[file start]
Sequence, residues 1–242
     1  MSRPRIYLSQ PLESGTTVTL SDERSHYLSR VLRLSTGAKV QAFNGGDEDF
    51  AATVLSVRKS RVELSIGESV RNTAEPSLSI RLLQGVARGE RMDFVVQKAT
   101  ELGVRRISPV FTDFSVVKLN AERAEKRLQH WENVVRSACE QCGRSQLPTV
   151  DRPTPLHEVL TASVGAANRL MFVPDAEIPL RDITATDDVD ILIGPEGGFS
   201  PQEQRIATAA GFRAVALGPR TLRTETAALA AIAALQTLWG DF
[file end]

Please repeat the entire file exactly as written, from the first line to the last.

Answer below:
Sequence, residues 1–242
     1  MSRPRIYLSQ PLESGTTVTL SDERSHYLSR VLRLSTGAKV QAFNGGDEDF
    51  AATVLSVRKS RVELSIGESV RNTAEPSLSI RLLQGVARGE RMDFVVQKAT
   101  ELGVRRISPV FTDFSVVKLN AERAEKRLQH WENVVRSACE QCGRSQLPTV
   151  DRPTPLHEVL TASVGAANRL MFVPDAEIPL RDITATDDVD ILIGPEGGFS
   201  PQEQRIATAA GFRAVALGPR TLRTETAALA AIAALQTLWG DF